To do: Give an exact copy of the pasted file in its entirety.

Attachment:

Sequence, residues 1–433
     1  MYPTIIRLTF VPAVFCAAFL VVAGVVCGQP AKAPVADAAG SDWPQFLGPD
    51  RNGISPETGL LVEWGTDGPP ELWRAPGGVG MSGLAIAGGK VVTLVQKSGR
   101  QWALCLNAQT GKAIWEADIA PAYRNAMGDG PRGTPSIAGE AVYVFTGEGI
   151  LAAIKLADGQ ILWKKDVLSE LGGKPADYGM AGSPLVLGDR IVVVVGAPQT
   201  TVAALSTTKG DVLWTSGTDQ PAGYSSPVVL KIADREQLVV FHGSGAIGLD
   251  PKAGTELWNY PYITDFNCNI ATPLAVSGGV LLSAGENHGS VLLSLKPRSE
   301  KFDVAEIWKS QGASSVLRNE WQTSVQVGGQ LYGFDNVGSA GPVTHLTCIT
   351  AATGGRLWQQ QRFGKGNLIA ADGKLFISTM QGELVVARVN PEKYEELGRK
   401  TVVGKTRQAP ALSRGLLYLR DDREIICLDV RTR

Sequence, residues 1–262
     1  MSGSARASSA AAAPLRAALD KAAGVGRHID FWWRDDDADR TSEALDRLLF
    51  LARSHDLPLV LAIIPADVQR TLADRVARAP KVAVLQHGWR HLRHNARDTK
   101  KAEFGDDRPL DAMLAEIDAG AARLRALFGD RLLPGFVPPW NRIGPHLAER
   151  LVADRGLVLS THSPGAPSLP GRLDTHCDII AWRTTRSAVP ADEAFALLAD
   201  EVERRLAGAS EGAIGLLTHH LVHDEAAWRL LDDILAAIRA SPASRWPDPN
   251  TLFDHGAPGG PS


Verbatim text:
Sequence, residues 1–433
     1  MYPTIIRLTF VPAVFCAAFL VVAGVVCGQP AKAPVADAAG SDWPQFLGPD
    51  RNGISPETGL LVEWGTDGPP ELWRAPGGVG MSGLAIAGGK VVTLVQKSGR
   101  QWALCLNAQT GKAIWEADIA PAYRNAMGDG PRGTPSIAGE AVYVFTGEGI
   151  LAAIKLADGQ ILWKKDVLSE LGGKPADYGM AGSPLVLGDR IVVVVGAPQT
   201  TVAALSTTKG DVLWTSGTDQ PAGYSSPVVL KIADREQLVV FHGSGAIGLD
   251  PKAGTELWNY PYITDFNCNI ATPLAVSGGV LLSAGENHGS VLLSLKPRSE
   301  KFDVAEIWKS QGASSVLRNE WQTSVQVGGQ LYGFDNVGSA GPVTHLTCIT
   351  AATGGRLWQQ QRFGKGNLIA ADGKLFISTM QGELVVARVN PEKYEELGRK
   401  TVVGKTRQAP ALSRGLLYLR DDREIICLDV RTR

Sequence, residues 1–262
     1  MSGSARASSA AAAPLRAALD KAAGVGRHID FWWRDDDADR TSEALDRLLF
    51  LARSHDLPLV LAIIPADVQR TLADRVARAP KVAVLQHGWR HLRHNARDTK
   101  KAEFGDDRPL DAMLAEIDAG AARLRALFGD RLLPGFVPPW NRIGPHLAER
   151  LVADRGLVLS THSPGAPSLP GRLDTHCDII AWRTTRSAVP ADEAFALLAD
   201  EVERRLAGAS EGAIGLLTHH LVHDEAAWRL LDDILAAIRA SPASRWPDPN
   251  TLFDHGAPGG PS